But he is also aware growth could disappoint in 2011 as the credit crunch still bites and fiscal tightening hits hard:
“In many developed countries, the after-effects of the financial crisis still linger, in the form of banks that are still overly reliant on official support, fragile household and business confidence, and bloated public sector deficits and debt.”
The trouble is that the deupty governor is also concerned about inflation overshooting the target: Read more
These are the clearly audible words spoken by Michael Fallon, member of the Treasury Select Committee, to Andrew Tyrie, the Committee chairman at the end of the evidence given by Robert Chote, new chairman of the Office for Budget Responsibility.
Why did Mr Fallon MP call for the return of the Treasury’s chief economic adviser rather than the shiny new representative of the independent OBR?
Briefly, because Mr Chote irritated the Committee by playing with a dead straight bat, avoiding questions and talking round issues. The Committee was upset that the OBR had not performed sensitivity tests on not-so-extreme scenarios such as large exchange rate fluctuations following a crisis in the eurozone and that the scenarios tested by the Office were pretty benign.
As per Robin’s Fed post, here is a quick summary of the issues for the November Monetary Policy Committee meeting.
Current policy rate: 0.5 per cent
Current unorthodox measures: £200bn of assets (almost all gilts) purchased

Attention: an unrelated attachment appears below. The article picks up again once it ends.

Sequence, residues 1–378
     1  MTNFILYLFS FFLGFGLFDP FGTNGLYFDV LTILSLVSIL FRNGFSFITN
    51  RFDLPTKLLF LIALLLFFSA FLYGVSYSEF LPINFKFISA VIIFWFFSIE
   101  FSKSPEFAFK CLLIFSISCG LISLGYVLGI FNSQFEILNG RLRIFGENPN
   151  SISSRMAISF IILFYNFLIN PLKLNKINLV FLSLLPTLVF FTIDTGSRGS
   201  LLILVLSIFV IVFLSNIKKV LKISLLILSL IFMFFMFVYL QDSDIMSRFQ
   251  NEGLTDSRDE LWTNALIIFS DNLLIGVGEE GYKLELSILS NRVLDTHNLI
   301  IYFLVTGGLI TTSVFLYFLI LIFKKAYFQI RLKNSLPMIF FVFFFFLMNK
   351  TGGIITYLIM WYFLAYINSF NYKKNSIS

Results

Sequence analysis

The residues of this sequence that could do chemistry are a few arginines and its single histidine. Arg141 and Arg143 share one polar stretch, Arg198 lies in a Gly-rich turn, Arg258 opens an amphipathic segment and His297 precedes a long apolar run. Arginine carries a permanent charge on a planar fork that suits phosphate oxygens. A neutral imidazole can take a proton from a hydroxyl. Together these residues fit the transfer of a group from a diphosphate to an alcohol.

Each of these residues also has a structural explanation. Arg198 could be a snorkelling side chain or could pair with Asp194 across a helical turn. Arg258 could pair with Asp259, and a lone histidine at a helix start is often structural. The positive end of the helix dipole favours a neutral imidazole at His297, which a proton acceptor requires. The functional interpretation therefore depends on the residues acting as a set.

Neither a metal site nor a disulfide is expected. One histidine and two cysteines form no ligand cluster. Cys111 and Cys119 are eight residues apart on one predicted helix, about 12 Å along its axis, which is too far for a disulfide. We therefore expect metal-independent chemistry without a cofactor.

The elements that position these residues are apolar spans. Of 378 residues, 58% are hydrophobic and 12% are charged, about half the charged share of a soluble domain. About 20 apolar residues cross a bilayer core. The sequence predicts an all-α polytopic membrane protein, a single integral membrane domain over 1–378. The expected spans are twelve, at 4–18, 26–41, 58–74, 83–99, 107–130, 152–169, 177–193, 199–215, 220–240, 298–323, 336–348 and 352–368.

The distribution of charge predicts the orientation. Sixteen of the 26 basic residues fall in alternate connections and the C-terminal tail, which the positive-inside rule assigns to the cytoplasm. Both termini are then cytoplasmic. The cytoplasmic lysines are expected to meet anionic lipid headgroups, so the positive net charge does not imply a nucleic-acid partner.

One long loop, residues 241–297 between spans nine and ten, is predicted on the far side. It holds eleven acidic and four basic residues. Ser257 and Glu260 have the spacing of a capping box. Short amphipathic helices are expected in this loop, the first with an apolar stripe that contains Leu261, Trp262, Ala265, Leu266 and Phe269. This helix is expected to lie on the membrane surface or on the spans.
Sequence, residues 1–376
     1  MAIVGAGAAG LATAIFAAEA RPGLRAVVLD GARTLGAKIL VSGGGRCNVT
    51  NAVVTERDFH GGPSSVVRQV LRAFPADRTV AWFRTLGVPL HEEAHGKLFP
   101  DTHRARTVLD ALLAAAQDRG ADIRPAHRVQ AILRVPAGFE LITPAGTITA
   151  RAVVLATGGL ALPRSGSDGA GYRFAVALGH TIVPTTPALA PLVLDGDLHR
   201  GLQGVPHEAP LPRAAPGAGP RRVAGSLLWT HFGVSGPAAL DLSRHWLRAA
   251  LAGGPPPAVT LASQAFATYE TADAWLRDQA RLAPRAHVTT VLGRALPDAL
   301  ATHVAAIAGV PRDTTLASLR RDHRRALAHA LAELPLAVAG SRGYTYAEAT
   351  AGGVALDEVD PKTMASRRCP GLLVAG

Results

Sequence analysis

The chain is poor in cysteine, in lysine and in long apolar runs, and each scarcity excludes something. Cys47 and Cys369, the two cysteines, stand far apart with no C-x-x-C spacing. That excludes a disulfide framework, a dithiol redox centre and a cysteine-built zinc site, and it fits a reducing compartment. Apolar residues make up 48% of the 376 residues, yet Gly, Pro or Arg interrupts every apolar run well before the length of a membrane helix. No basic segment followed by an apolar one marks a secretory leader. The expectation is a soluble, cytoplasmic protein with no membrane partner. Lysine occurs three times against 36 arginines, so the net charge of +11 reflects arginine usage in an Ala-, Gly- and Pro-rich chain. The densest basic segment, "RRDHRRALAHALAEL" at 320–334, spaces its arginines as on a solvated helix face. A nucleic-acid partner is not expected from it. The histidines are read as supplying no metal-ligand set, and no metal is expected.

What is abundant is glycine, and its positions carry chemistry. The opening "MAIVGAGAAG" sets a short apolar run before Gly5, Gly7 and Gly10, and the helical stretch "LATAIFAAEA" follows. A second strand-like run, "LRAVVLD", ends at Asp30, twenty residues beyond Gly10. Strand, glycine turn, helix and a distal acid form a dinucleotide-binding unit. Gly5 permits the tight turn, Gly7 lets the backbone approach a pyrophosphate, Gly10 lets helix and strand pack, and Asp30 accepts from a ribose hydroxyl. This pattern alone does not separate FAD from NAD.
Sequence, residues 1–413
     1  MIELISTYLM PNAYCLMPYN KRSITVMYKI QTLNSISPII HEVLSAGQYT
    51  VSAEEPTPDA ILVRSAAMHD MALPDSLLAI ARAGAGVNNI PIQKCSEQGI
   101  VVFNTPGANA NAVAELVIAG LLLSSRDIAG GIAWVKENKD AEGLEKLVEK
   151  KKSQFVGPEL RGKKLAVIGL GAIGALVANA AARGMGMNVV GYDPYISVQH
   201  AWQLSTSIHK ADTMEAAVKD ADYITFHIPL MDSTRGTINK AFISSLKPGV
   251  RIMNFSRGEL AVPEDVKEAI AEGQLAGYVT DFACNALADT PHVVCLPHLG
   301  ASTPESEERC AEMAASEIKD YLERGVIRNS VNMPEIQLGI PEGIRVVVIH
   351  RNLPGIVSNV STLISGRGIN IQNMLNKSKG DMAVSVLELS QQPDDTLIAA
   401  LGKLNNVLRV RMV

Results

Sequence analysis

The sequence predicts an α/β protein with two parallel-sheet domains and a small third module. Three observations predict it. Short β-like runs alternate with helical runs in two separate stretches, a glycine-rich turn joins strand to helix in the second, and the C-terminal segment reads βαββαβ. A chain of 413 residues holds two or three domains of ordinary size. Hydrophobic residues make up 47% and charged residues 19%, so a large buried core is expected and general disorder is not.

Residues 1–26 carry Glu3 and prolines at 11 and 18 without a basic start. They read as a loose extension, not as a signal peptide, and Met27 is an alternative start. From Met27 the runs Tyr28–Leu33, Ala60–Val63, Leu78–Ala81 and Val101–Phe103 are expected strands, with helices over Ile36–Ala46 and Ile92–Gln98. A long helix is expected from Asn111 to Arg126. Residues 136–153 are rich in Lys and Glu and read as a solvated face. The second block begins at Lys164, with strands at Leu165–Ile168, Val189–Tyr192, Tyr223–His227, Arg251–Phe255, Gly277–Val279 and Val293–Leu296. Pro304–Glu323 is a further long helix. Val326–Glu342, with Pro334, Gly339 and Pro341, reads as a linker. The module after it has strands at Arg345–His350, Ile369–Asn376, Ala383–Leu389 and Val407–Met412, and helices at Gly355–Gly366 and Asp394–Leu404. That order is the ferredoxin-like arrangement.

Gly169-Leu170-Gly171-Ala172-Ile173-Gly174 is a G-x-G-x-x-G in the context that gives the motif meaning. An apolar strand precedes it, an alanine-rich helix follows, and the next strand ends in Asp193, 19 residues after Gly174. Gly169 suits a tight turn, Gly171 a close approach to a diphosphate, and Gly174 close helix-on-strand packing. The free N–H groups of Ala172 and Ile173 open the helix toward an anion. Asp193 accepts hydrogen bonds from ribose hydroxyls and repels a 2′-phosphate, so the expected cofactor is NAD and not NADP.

Consensus expectations: No change – a position held by all but outliers
Data developments of note
STRONG initial third quarter GDP – 0.8 per cent
STRONG PMI surveys for manufacturing and services
WEAK US growth offset by STRONGER European data
Still TOO HIGH inflation, but stable with CPI inflation at 3.1 per cent
Developments on Committee thinking
The October minutes were split 1-7-1 with the swing voters on the MPC dovish, but only slightly. Those in no man’s land wanted to see more evidence from data Read more
Chris Giles has been the economics editor of the Financial Times since 2004. Based in London, he writes about international economic trends and the British economy. Before reporting economics for the Financial Times, he wrote editorials for the paper, reported for the BBC, worked as a regulator of the broadcasting industry and undertook research for the Institute for Fiscal Studies. RSS
Michael Steen, Frankfurt bureau chief, covers the ECB and the eurozone's economies. He joined the Financial Times in 2007 as Amsterdam correspondent and later worked as a front page news editor in London. Before joining the FT, he spent nine years as a correspondent at Reuters, mostly in foreign postings that included a previous stint in Frankfurt, as well as Moscow, Kiev and central Asia. He read German and Russian at Cambridge.RSS
Robin Harding is the FT's US economics editor, based in Washington. Prior to this, he was based in Tokyo, covering the Bank of Japan and Japan's technology sector, and in London as an economics leader writer. Robin studied economics at Cambridge and has a masters in economics from Hitotsubashi University, where he was a Monbusho scholar. Before joining the FT, Robin worked in asset management and banking. RSS
Ralph Atkins, capital markets editor, has been writing for the Financial Times for more than 20 years following an economics degree from Cambridge. From 2004 to 2012, Ralph was Frankfurt bureau chief, watching the European Central Bank and eurozone economies. He has also worked in Bonn, Berlin, Jerusalem and Brussels. RSS
Claire Jones is Money Supply economics team writer, based in London. Before joining the Financial Times, she was the editor of the Central Banking journal and CentralBanking.com. Claire studied philosophy and economics at the London School of Economics. RSS